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  • Rights: The University of Waikato Te Whare Wānanga o Waikato
    Published 25 July 2022 Referencing Hub media

    Dr Moritz Lehmann is a freshwater scientist specialising in lake water quality and remote sensing. He uses data from Earth observation satellites to gain more information about cyanobacteria blooms in New Zealand lakes.

    Moritz references the Eye on Lakes project, a multi-year MBIE Smart Ideas -funded project run from the University of Waikato.

    Questions for discussion:

    • What are the advantages of using Earth observation satellites to monitor lakes?
    • What is a disadvantage of using satellites to monitor lakes?
    • What do you think Moritz means when he refers to manually checking a lake?


    Dr Moritz Lehmann

    Aquatic remote sensing scientist
    Senior Scientist, Xerra Earth Observation Institute
    Adjunct Senior Research Fellow, University of Waikato

    Eye on Lakes project is specifically looking for algal blooms or cyanobacteria blooms in lakes. Cyanobacteria are tiny microscopic bacterial cells that photosynthesise, and under the right conditions, they can proliferate and they can completely smother a lake.

    There is evidence that these blooms are increasing. And it’s important to know the scale of this problem so that we can study the lakes and find the reasons why this happened, and mitigate the expansion of the cyanobacteria.

    We like to identify a bloom, not when it’s already there and established, but on the way of happening, of ramping up. So we like to see the first signs, the first greening essentially of the lake that might lead to a severe bloom.

    The objective of the Eye on Lakes project is to develop models to allow us to look at an image and say, “OK, so here we have a cyanobacterial bloom” or “Here’s a bloom in development.” The advantages of using this Earth observation remote sensing system is that we get this data coming in all the time from the same places in New Zealand. And so this allows us to create a monitoring system that, cloud cover permitting, looks at the planet every 5 days to get the cyanobacteria and the algal concentration in those lakes.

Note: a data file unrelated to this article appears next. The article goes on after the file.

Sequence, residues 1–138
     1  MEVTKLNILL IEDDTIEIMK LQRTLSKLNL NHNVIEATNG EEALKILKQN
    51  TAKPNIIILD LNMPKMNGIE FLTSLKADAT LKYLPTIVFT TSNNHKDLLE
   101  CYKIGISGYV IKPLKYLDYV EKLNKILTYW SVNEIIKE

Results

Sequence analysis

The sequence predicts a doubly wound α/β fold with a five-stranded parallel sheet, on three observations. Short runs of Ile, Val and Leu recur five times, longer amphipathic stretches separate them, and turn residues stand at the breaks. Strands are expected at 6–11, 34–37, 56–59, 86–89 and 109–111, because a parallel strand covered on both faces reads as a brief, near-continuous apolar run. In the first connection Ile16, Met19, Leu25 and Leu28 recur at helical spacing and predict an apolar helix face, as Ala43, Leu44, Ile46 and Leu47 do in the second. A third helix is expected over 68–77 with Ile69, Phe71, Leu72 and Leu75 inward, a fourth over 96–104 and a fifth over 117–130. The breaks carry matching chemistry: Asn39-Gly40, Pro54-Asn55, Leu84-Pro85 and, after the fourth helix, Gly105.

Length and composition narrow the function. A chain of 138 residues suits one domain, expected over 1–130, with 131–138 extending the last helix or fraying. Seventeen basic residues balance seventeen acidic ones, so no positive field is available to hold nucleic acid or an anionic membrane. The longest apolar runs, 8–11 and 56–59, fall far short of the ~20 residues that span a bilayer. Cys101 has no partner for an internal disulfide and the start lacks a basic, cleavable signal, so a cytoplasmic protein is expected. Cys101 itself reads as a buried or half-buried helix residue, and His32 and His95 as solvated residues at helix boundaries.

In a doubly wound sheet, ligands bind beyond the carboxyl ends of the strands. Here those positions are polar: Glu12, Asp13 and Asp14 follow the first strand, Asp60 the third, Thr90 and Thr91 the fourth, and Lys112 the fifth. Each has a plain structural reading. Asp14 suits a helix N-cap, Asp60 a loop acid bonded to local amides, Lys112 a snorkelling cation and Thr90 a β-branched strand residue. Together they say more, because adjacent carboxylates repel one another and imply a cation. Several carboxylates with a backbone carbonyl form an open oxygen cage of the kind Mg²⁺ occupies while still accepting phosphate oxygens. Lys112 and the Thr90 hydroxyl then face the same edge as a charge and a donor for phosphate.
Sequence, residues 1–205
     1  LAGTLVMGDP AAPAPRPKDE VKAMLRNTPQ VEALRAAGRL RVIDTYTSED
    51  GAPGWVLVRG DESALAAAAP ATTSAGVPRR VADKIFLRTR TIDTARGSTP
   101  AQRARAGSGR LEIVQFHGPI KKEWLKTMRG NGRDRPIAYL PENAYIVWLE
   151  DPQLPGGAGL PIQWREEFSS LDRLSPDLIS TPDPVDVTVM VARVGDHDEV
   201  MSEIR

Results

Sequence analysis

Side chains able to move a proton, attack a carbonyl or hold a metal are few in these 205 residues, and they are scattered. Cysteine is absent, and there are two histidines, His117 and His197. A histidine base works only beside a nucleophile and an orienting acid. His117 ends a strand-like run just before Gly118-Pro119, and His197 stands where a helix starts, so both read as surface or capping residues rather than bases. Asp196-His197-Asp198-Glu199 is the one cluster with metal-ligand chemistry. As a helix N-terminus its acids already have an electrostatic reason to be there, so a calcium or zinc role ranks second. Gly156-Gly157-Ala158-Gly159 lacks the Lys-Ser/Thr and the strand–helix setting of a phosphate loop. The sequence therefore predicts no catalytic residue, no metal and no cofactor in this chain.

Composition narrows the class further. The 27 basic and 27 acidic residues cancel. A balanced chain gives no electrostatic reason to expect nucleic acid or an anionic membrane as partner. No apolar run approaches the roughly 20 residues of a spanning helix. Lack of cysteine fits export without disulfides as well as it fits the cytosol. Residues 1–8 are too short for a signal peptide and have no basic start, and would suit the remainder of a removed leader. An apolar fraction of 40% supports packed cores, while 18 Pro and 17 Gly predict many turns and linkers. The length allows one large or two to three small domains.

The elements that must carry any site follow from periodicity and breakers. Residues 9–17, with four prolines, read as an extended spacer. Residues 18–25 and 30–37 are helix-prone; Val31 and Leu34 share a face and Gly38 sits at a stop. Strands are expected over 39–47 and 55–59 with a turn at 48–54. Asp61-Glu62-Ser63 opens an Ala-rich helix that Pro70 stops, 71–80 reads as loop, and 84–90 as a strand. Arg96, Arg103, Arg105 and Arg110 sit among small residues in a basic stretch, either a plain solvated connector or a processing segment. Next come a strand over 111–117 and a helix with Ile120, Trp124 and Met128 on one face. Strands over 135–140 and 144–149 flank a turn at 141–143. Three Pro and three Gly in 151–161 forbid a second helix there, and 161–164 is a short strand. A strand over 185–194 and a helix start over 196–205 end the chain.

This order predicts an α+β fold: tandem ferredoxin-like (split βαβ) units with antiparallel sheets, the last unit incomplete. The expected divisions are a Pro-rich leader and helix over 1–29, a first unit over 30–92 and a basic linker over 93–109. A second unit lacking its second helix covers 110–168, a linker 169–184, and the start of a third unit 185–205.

You have to build some kind of software, some kind of automated system to do this. It’s very well possible for anybody now to download a satellite image and do those calculations as well. But to do this over and over and over again would take too much time, and computers are really good at that. So we would like to implement these calculations in the software system that then monitors and tells the authorities and the citizens whether a lake is safe to swim in or whether a lake needs manual checking.

    Dr Moritz Lehmann, Xerra Earth Observation Institute and University of Waikato Te Whare Wānanga o Waikato
    Algae images, timelapse of Sentinel-2 imagery showing changing water colour, Lake Waikare, The colour of 1,486 New Zealand Lakes: Clean, green and pristine? Poster, Landsat satellite overpass of North Island, toxic algae indication sign, Dr Moritz Lehmann and Xerra Earth Observation Institute
    Sentinel-2 global coverage animation, European Space Agency (ESA)

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